Porcelain teapot, 8½ inches in height, thrown, with incised banding and copper red glaze, by Tom Coleman. The Canby, Oregon, studio potter was among a national selection of those exhibiting in :Functional Ceramics 1979,” subject of this month’s cover story beginning on page 70.
Curt Hoard decorates a large form with incising and underglazes on stage at the NCECA/SuperMud conference recently held at Pennsylvania State University, University Park. This, the largest gathering of ceramists in history, is the subject of Ron Lang’s article beginning on page 27.
“Flat Form,” contemporary porcelain work with carved relief decoration and clear celadon glaze, by German ceramist Karl Scheid. The object, approximately 7 inches in height, was represented in a recent exhibition by the London Group, subject of George and Nancy Wettlaufer’s article beginning on page 42.
Crackle glaze over stoneware body with dark slip, shown five times actual size, on contemporary Japanese Mashiko ware. The pattern of glassy fractures results from chemically controlled shrinkage differences between clay and glaze. Whether expressed in decorative effects such as this, or as a glaze fault, the causes and adjustments of thermal expansion rates are important to the potter or ceramic sculptor; these are discussed by Peter Sohngen, beginning on page 28.
“Ham Hockey,” incised ceramic form, 14x19x8½ inches, with lusters. One of the series of works depicting artifacts from an imagined Farmounian culture, by Art Morrison, Bozeman, Montana. According to the artist, “Little is known of the ‘true’origins of technique and ceramic fabrication used by by Farmounian artisan. We can only marvel at these monumental examples of Farmounian ceramic art…” Additional works by this artist, and Rudy Turk’s comments on contemporary ceramics begin on page 39.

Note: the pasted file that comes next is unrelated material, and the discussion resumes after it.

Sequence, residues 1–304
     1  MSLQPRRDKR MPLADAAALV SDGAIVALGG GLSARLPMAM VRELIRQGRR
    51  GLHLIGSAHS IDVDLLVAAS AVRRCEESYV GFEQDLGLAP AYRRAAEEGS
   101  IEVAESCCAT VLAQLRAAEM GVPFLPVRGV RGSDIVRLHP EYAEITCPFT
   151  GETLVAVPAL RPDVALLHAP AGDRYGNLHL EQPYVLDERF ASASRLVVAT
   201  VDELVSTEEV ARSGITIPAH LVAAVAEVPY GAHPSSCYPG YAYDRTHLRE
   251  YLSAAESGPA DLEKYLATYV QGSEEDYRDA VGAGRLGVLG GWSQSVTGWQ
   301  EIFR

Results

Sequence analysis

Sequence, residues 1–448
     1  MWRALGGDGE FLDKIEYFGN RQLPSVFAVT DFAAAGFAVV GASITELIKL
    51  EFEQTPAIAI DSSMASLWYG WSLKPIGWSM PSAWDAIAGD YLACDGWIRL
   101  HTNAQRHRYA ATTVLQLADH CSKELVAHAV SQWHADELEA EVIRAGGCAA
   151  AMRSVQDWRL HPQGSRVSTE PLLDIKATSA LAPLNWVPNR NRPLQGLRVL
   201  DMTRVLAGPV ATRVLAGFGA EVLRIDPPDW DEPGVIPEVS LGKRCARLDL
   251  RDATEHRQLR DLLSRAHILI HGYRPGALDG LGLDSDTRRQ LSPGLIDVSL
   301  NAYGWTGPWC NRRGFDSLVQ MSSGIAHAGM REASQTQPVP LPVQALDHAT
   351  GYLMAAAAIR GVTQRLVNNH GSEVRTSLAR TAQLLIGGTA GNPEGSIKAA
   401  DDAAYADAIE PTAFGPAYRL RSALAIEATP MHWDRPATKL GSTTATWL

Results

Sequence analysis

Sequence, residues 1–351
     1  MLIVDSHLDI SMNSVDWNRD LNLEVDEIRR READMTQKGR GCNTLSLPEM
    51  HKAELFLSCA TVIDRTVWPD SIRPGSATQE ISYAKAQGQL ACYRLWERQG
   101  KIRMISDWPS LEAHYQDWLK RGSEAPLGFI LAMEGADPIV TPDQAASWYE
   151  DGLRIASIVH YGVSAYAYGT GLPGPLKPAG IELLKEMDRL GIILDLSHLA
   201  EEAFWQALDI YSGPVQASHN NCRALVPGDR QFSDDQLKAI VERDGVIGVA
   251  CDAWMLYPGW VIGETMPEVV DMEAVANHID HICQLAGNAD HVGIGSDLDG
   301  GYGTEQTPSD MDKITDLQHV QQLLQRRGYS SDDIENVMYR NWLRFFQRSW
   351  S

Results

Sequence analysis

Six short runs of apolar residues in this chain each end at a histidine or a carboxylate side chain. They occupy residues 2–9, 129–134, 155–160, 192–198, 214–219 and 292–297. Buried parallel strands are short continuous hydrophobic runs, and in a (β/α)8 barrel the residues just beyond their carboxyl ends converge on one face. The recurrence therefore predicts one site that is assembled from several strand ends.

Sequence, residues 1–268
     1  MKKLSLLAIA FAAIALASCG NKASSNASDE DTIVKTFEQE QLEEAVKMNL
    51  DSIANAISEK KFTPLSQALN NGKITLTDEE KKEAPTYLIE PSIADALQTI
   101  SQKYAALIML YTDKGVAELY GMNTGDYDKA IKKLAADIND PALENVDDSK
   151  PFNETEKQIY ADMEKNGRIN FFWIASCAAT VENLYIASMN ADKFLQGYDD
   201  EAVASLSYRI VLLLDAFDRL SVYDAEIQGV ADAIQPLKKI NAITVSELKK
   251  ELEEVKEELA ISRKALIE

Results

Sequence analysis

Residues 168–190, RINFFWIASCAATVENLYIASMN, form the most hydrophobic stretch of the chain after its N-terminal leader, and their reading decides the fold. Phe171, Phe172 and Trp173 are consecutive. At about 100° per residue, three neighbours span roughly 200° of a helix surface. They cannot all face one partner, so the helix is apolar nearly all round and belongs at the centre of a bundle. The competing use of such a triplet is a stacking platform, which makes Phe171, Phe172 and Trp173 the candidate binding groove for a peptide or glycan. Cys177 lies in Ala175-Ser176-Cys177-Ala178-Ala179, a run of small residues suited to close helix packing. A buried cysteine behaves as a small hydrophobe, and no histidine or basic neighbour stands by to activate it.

One chamber in a large hill-climbing kiln at a pottery in Shigaraki (Japan), a town visited by hundreds of potters attending the World Crafts Council’s biennial conference. Mats have been spread on kiln shelves raised about a foot above the floor to convert the chamber into an environment for the tea ceremony. Because of the kiln’s massive size, it is fired but once every six months; thus the conversion does not impede production. Japanese potters sometimes set up a tea ceremony environment for their own enjoyment or for the selection of tea ware by patrons.
Glazed earthenware tile, 4 inches square, recent work reviving the tradition of Henry Mercer’s Moravian Pottery and Tile Works, now a living museum in Doylestown, Pennsylvania. The history and contemporary production of the pottery are subjects of this month’s portfolio, beginning on page 45.